Category Archives: inspections

WA State Energy Code’s New HVAC Requirement

This week one of our staff went to a WSU Extension Energy Program training in Wenatchee with a focus on duct sealing and testing requirements for the 2009 Washington State Energy Code for HVAC: 503.10.3 Sealing. We have two Energy Star Performance Technicians on staff so this class was more of a refresher course on duct testing but we did benefit from understanding more about the changes to the new HVAC requirements. Basically, the code is in a trial period. Contractors must test the HVAC now but do not have to meet the target rate of allowable leakage during this 120-day testing period. In April 2011 a judicial committee will listen to arguments from all sides and make a decision about the 503.10.3 Sealing WA State Energy Code.

We performed a HVAC leakage test on a home in South Wenatchee. The new construction home performed well. It would have passed the new requirements. It was interesting to note the small leakages that could be easily fixed by mastic. The equipment used for testing the HVAC includes a duct blaster, manometer and blower door which could add up to $5,000. This is a new expense to contractors. There is also discussion about requiring third party testing due to conflict of interest. Should HVAC contractors be able to test their own work?

 Here are a few interesting facts we learned in class this week. Did you know that 40% of a home’s fresh air comes from the crawl space or garage? Thinking about cleaning those spaces right now…aren’t you!? This is also a good time to remind you to open your garage door any time the car is on. A family of four can emit up to 3 gallons of water into a home daily from sweating, showering, cooking, etc. Where do the 12 gallons of water go? Be sure to use your oven and bathroom exhaust fans regularly!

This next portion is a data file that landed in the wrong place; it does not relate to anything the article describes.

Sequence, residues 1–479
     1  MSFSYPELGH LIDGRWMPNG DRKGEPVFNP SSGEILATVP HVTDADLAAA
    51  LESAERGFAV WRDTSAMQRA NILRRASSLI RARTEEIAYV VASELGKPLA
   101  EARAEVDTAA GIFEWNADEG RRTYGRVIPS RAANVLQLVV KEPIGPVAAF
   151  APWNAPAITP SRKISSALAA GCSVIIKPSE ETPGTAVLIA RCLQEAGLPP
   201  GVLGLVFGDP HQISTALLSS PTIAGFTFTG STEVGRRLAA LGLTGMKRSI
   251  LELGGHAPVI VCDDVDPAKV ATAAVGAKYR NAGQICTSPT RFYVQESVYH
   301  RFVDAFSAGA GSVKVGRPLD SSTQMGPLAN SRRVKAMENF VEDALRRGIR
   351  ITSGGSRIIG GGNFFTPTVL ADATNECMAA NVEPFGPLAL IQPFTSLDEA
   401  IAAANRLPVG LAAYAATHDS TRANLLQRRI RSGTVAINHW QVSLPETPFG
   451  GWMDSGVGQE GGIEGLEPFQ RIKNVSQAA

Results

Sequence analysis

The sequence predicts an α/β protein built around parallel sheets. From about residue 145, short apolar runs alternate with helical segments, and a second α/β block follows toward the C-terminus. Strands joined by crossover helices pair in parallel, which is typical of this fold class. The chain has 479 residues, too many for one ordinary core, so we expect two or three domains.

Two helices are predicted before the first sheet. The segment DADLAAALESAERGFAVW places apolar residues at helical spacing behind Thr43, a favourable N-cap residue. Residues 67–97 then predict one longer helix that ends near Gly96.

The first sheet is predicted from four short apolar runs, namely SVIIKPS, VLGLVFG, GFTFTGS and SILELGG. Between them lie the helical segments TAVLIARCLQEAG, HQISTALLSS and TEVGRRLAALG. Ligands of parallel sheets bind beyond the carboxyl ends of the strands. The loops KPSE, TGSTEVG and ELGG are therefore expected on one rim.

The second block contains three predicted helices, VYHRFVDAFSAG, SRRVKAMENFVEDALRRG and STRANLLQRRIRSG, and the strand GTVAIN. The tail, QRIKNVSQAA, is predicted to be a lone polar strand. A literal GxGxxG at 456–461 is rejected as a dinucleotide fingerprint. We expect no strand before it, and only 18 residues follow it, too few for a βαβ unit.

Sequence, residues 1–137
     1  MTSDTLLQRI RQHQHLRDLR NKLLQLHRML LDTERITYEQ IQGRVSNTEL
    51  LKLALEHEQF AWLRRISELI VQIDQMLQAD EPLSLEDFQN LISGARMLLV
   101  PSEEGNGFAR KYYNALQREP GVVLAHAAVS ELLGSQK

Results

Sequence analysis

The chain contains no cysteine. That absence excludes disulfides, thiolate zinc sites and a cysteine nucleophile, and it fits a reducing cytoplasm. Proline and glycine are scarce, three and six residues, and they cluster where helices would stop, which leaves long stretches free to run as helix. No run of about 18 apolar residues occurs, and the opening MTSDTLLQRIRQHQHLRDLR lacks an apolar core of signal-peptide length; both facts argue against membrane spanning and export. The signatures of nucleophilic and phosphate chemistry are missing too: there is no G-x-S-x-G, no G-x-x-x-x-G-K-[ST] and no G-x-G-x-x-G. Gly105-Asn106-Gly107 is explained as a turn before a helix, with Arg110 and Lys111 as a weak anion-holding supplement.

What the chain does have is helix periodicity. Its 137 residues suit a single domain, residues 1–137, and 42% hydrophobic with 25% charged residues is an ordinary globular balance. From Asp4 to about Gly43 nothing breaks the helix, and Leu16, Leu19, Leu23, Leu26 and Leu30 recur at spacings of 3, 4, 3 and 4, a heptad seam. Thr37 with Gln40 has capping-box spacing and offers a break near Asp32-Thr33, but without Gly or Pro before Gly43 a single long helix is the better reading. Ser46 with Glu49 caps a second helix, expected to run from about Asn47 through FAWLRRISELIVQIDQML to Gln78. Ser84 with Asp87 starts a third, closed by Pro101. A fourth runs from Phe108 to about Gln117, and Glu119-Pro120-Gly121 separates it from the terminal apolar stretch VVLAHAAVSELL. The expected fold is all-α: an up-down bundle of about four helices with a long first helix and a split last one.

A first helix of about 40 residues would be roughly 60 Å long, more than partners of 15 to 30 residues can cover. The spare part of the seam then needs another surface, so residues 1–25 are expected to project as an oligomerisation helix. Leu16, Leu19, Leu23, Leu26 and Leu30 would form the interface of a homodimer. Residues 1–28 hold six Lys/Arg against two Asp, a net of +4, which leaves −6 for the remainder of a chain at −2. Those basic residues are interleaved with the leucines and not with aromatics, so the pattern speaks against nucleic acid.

Home Show in Wenatchee: Feb. 11-13th

Home Show Wenatchee Town Toyota CenterEvery year the NCHBA or North Central Home Builders Association produces a spectacular home show in Wenatchee, Washington.  There’s a little something for everyone whether you are interested in remodeling, decorating, building, buying or selling a home…they’ve got all the experts there for your questions!  Here’s some info from their website.  Download this COUPON for $1 off admission:

This year, we have a lot of new things going on and are very excited to “get the Show on the road”! The Kid’s Zone by Lowe’s is going to be fantastic this year. Not only will the kids be able to build their own project with a professional from Lowe’s, they can go on a scavenger hunt with their parents or enjoy FREE ice skating on Friday and Saturday. So, if you have kids that are 12 and under, make sure to take them to the Kids Zone by Lowe’s, located in the Crunch-Pak Hospitality Room on the the main floor of the Town Toyota Center!  Workshops and How-to’s that you WON’T want to miss! Come and see what the Master Gardeners have to demonstrate on Friday, Saturday and Sunday of the show!   Be one of the first 250 attendees on Saturday and Sunday and receive a special Home Show Entrance Bag! These bags will be filled with small gifts, specials and discount coupons from participating sponsors and vendors! These bags will also come in very handy when you need a place to stow away other information and items you gather!  There will be additional event parking available for attendees across the street at Walla Walla Point Park, both parking lots, as well as at Lowe’s Home Improvement Warehouse. Many thanks to Lowe’s for generously allowing our Home Show attendees to use half of their parking lot for our event!

Wenatchee – Leavenworth Tour of Homes Sept. 16-19

wenatchee home inspectionTomorrow will start the North Central Home Builder Association’s annual Tour of Homes with 8 homes throughout Leavenworth, Wenatchee and East Wenatchee. You’ll get a little bit of everything in Central Washington from a grand home in the heart of the Bavarian-themed ski retreat town to an energy-efficient Energy Star home in the Apple Capital. AMS Inspection Services is a member of the NCHBA and will be helping on the tour so stop by and see us!

Details and Tickets HERE

2010 Real Estate Outlook